Partially successful experiment may reignite ethics debate
A group of Chinese scientists have revealed that they genetically modified human embryos to make them HIV-resistant, a controversial move that may reignite an ethics debate but otherwise shows China's ambition to take the lead in gene-editing research.
Researchers at Guangzhou Medical University in China have altered an immune gene in human embryos using a technique known as CRISPR-Cas9, according to a paper published in the Journal of Assisted Reproduction and Genetics on April 6.
"We used flawed embryos that were not viable for fertility treatment," Fan Yong, the paper's lead author, said in a statement sent to the Global Times Tuesday.
Fan said the research had been approved by the ethics committee of the Third Affiliated Hospital of Guangzhou Medical University, adding that all the embryos were destroyed after three days.
The result of the experiment was only partially successful as only four of the 26 embryos were successfully modified and some embryos showed unplanned mutations.
The team's major progress is the use of CRISPR to successfully introduce a precise genetic modification, George Daley, a U.S. stem-cell biologist, was quoted by the journal Nature as saying on Friday.
This is the second Chinese team to have sparked global deliberation about the ethics of such experiments.
In a research paper published in April 2015, Chinese scientists described how they were able to manipulate the genomes of human embryos for the first time. Huang Junjiu, a gene-function researcher at Zhongshan University in Guangzhou, described, along with his team, how they used the CRISPR-Cas9 technique to modify the genomes of embryos obtained from a fertility clinic, AFP reported.
"Generally speaking, the technology can be applied to treat all diseases caused by inherited variation, including cancers," Han Bin, director of the National Center for Gene Research at the Chinese Academy of Sciences (CAS), told the Global Times.
Critics worry that altering genes this way is a slippery slope that ultimately results in "designer babies."
"This is the first step on a path that scientists have carefully mapped out toward the legalization of [genetically modified] babies," David King, of anti-gene manipulation group Human Genetics Alert, was quoted by the Associated Press (AP) as saying in February.
However, some scientists argued that the technique applied to non-viable human embryos can be defended ethically.
"Such research paves the way to treatment … More importantly, the immature technique is too early for clinical uses … The abnormal embryos in the experiment are unable to grow," Qiu Renzong, the first Chinese laureate for the Avicenna Prize for Ethics in Science, told China Science Daily in 2015.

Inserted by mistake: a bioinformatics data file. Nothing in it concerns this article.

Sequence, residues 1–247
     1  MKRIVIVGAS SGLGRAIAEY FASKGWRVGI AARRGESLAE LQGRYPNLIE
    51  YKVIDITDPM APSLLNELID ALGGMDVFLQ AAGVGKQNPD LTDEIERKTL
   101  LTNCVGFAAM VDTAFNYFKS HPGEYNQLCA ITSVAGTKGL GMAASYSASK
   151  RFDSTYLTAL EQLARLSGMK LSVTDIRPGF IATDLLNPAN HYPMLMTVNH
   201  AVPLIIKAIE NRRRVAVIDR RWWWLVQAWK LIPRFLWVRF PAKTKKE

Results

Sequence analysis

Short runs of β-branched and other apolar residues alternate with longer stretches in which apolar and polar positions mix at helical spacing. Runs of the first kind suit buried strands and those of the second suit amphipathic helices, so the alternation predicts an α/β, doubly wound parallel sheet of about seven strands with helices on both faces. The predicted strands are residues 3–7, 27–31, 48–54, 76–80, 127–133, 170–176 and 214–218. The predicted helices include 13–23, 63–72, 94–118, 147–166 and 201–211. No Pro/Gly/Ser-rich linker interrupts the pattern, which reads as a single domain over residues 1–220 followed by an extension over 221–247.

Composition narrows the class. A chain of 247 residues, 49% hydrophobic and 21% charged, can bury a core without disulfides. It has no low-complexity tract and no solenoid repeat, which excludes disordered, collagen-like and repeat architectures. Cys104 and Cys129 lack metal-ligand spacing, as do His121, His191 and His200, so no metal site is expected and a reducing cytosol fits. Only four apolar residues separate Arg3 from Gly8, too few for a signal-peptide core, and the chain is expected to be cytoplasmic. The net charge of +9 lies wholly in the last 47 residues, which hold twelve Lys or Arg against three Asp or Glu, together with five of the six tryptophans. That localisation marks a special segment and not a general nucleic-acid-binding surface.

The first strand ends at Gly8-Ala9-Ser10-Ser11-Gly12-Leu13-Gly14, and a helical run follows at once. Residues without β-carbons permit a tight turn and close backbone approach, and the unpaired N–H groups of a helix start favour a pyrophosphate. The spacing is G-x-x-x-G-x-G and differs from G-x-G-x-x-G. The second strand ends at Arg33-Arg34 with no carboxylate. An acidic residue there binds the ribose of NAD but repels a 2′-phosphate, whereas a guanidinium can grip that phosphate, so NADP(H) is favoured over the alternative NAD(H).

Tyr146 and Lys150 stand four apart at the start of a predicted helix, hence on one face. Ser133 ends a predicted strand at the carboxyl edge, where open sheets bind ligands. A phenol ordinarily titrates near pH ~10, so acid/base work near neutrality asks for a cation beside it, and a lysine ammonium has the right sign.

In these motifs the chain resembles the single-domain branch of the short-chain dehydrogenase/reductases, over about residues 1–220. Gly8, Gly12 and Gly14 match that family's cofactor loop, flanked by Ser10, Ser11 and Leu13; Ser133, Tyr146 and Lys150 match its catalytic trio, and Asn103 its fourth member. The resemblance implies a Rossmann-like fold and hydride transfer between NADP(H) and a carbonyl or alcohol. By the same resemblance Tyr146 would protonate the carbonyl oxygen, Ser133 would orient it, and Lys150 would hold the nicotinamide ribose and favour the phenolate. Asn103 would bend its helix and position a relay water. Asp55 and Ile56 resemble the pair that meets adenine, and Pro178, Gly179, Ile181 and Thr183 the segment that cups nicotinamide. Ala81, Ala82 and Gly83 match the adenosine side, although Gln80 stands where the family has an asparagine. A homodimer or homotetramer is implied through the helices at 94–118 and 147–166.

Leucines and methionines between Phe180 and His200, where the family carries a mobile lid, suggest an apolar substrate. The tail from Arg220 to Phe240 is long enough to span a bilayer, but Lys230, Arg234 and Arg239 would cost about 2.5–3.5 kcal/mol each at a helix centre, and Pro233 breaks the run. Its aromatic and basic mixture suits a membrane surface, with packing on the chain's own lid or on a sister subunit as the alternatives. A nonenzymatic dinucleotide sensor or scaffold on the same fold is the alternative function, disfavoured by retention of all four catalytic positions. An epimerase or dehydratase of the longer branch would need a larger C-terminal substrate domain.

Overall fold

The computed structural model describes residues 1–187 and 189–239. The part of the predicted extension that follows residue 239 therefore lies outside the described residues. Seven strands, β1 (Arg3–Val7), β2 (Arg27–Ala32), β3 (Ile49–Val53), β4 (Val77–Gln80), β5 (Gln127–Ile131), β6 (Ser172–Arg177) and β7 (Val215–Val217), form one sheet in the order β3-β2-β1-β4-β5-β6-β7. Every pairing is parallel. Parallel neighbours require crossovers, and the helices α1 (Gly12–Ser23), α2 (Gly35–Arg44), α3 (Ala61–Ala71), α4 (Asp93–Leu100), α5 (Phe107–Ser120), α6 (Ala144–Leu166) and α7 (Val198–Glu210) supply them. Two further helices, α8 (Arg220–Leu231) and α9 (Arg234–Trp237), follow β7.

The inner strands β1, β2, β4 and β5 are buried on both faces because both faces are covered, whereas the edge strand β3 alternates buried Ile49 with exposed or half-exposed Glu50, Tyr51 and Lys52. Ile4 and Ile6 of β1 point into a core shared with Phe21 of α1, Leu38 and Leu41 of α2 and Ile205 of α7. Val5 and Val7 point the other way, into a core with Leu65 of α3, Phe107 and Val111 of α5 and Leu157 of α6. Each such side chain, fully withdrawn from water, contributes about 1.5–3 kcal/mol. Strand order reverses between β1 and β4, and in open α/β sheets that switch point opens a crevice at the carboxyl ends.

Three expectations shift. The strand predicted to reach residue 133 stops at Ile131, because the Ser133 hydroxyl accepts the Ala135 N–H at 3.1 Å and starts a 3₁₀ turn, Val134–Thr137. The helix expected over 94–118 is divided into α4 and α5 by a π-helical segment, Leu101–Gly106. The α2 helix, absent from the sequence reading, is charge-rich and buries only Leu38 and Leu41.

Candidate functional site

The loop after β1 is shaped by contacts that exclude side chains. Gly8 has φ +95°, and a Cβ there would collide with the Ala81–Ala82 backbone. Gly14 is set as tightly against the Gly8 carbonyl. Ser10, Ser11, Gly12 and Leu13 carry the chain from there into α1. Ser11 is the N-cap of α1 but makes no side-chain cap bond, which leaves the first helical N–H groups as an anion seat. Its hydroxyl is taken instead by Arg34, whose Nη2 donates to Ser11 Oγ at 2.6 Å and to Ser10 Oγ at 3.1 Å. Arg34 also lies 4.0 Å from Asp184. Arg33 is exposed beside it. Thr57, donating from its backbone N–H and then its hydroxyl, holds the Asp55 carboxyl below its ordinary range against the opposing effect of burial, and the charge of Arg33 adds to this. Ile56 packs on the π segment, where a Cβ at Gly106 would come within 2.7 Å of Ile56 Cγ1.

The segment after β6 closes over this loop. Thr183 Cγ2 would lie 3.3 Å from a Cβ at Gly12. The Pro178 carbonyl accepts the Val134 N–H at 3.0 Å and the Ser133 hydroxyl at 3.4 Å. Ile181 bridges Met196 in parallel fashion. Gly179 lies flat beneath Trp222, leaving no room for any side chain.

Fan also argued that "regardless of criticism, which is not authoritative … we have to stick to the path, obtain independent intellectual property rights and a say [in international academia]."
Similar to artificial intelligence, gene editing in human embryos faces both opportunities and risks, said Fan. "Whether Chinese scientists do the research or not will not stop the technique from advancing. But it is the pioneers that will make the rules in this field," he said.
"Intensive basic and preclinical research is clearly needed and should proceed, subject to appropriate legal and ethical rules and oversight," according to a statement jointly issued by CAS, the U.S. National Academy of Sciences and the Royal Society on the International Summit on Human Gene Editing in December 2015.
Fan noted that their and Huang's research has given Chinese scientists a head start in the fierce international competition.
Instead of following other countries' stance over those sensitive issues in science, the Chinese government should carefully formulate their own standards and regulations, Han said.
Laws and guidelines vary widely across the world about what type of research is allowed on embryos. In the U.S., research on human embryos cannot be funded by the National Institutes of Health, AP reported.
The UK's fertility regulator, the Human Fertilization and Embryology Authority, granted its first license for the genetic modification of human embryos in February as part of research into infertility and why miscarriages happen.
"We advocate preventing any application of genome editing on the human germline until after a rigorous and thorough evaluation and discussion are undertaken by the global research and ethics communities," the researchers wrote in their paper.
"Since the technology is relatively simple, which indicates a low threshold to conduct gene editing research, necessary supervision is still needed," Gao Caixia, a research fellow at CAS' Institute of Genetics and Development Biology, told the Global Times.